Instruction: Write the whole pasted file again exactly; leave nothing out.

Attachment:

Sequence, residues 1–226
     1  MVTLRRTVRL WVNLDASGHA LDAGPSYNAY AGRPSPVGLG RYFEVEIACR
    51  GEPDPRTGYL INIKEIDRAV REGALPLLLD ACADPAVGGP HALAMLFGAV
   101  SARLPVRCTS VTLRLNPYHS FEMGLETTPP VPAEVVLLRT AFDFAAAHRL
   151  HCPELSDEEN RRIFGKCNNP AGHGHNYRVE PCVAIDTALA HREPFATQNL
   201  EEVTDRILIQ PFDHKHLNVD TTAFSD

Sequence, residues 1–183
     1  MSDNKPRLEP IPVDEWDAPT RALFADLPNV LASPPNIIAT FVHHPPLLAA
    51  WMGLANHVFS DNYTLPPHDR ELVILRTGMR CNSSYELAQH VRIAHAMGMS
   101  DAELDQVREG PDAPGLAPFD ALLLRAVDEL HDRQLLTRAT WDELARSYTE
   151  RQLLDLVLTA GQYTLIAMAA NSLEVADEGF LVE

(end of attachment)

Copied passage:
Sequence, residues 1–226
     1  MVTLRRTVRL WVNLDASGHA LDAGPSYNAY AGRPSPVGLG RYFEVEIACR
    51  GEPDPRTGYL INIKEIDRAV REGALPLLLD ACADPAVGGP HALAMLFGAV
   101  SARLPVRCTS VTLRLNPYHS FEMGLETTPP VPAEVVLLRT AFDFAAAHRL
   151  HCPELSDEEN RRIFGKCNNP AGHGHNYRVE PCVAIDTALA HREPFATQNL
   201  EEVTDRILIQ PFDHKHLNVD TTAFSD

Sequence, residues 1–183
     1  MSDNKPRLEP IPVDEWDAPT RALFADLPNV LASPPNIIAT FVHHPPLLAA
    51  WMGLANHVFS DNYTLPPHDR ELVILRTGMR CNSSYELAQH VRIAHAMGMS
   101  DAELDQVREG PDAPGLAPFD ALLLRAVDEL HDRQLLTRAT WDELARSYTE
   151  RQLLDLVLTA GQYTLIAMAA NSLEVADEGF LVE